Q: What’s the largest event you’ve played for? The smallest?

A:  Among the largest events we’ve played are outdoor concerts for audiences of a thousand or more. These would include events that are part of the Great American Brass Band Festival in Danville, KY, and public outdoor concerts in Europe. Among the smallest we’ve played is an indoor reception for approximately 30 guests.

Q: The full band has seven musicians in the group. Is the music always loud, and is the sound level problematic for smaller spaces?

A: The music we play CAN be loud, as it often was when this type of music was performed in its heyday earlier in the 20th century. But the volume level can be easily controlled according to the space we play in and the wishes of the client. This is true whether the full band is booked, or one of the smaller versions of the Ramblers (trio, quintet, etc.) as is shown on the “Book the Band” page on our website.  Our job is to suit the atmosphere and occasion the client wants for the event or program.

 Q:  Your website mentions that the styles you play include Ragtime, Traditional Jazz (aka Dixieland), and 1920s music. Do you include all of these styles when you perform, or can you concentrate on only one or two of these musical styles?

 A: We can adhere to whatever style or styles a client prefers. We can do an entire program or event featuring ragtime (a la Scott Joplin), Traditional New Orleans and “Chicago” Jazz (a la Louis Armstrong), or 1920s music (a la Hoagy Carmichael, Bix Beiderbecke, Paul Whiteman, etc.). Or we can custom-mix styles as preferred.

 Q: Do you play styles of music other than Ragtime, Traditional Jazz, and 1920s music, and if so, what?

A: Yes, definitely. Although our specialty is earlier-20th century American music, we’ve played parties, dances, and other events where we’ve also performed swing music, zydeco, disco, 50s-60s rock, sophisticated jazz, country, etc. Ramblers’ musicians are versatile and widely experienced. We also adjust our wardrobe to the type of atmosphere desired. We’re happy to answer questions about the kind of music you want for your program or event if you’ll contact us (please see the “Contact Us” page on this site).  And if you or we feel we can’t suit the musical needs you desire, we’ll refer you to a group that can.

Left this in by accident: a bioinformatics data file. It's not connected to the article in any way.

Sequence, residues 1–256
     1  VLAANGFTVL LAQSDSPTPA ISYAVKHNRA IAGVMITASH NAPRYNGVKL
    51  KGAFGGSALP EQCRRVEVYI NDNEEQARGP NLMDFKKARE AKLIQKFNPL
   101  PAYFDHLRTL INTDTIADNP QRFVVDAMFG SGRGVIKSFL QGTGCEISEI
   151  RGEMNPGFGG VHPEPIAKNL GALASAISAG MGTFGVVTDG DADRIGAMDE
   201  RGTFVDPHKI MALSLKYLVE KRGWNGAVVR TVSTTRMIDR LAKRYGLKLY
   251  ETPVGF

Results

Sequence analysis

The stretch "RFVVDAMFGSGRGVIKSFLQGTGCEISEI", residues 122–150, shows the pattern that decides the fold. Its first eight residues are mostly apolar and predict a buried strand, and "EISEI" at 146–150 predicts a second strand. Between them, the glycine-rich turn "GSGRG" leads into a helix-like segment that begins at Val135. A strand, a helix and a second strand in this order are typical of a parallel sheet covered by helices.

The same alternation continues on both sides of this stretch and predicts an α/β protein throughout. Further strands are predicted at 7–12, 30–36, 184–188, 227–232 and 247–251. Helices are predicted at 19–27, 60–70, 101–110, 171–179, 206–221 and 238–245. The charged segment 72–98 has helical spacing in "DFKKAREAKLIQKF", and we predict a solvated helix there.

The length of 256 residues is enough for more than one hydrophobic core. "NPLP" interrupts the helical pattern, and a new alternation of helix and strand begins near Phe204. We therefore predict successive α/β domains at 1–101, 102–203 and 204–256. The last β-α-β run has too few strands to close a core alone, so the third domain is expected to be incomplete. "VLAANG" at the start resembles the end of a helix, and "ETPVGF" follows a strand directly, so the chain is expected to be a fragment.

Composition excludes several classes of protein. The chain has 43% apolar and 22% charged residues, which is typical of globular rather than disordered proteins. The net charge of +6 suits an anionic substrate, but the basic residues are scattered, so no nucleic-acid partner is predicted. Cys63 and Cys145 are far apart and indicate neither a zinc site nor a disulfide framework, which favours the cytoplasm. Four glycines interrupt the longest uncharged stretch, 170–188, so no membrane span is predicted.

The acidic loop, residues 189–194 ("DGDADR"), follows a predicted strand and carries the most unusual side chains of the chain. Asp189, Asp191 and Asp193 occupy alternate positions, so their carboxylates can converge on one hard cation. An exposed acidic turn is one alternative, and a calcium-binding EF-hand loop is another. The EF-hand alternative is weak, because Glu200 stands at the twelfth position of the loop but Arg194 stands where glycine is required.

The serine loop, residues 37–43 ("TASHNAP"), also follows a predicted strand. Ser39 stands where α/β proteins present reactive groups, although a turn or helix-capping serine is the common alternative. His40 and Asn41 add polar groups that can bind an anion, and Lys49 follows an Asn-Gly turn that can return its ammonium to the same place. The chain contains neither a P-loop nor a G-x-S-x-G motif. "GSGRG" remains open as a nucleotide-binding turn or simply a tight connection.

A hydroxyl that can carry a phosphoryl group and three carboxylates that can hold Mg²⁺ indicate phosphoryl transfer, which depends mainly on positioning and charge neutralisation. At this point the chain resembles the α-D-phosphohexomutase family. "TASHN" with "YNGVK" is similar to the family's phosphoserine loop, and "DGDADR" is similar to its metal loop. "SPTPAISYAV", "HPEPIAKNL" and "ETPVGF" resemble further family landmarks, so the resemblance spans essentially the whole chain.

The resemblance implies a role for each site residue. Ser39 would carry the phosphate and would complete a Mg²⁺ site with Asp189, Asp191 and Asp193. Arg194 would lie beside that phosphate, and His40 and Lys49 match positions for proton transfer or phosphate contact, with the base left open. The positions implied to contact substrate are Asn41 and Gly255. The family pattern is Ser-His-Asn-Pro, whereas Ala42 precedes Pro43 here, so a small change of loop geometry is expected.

Q:  Since there are choices for different sizes of the Ramblers, does it cost less for a smaller group?

A:  Generally speaking, yes, this is true.

Q: Do you ever do “educational” types of programs, suitable for schools, libraries, clubs, etc.?

A: Yes. Several members of the group are educators. Some of us are also members of the Kentucky Jazz Repertory Orchestra, a big band that specializes in providing insight and history to the music they perform. One of the Ramblers’ members has been a featured speaker for the Kentucky Humanities Council and has provided well-received lecture-performances throughout the state.

Q:  Do you furnish your own sound amplification system?  

A:  We have sound equipment for small and large performance settings.  We’ll work with you on finding what you need.  For more intimate settings, we might recommend little or no amplification.  For larger venues, we have sufficient equipment of our own.  For very large venues with an audience of more than several hundred people, we usually work with in-house/on-site sound people, or with an independent sound amplification service. If independent sound service is needed, you may contract this on your own, or we could do so as part of our fee.

Q: You appear sometimes under the names “The Town Branch Five” and “The Chicago Footwarmers.” Why the different names?

A: This started with the theme of 2105 Great American Brass Band Festival’s “Brass Greats of American Jazz.” Our focus that year was all-out on jazz from the 1920s. In keeping with the spirit of that year’s festival, we adopted the “Town Branch” name as a nom de guerre.  For the 2017 festival we were asked to focus on the “Chicago Jazz” style.  Both of these names have proved popular for occasions highlighting 1920s jazz; we sometimes are asked to use them to reflect a little extra kick toward recreating the spirit and scene of the 1920s “flapper” era.  (If you’ve seen the Downton Abbey PBS series, think of the scenes that featured the Jack Ross Lotus Club Band.  Also think of small group recordings from the 20s by Jelly Roll Morton and Duke Ellington.)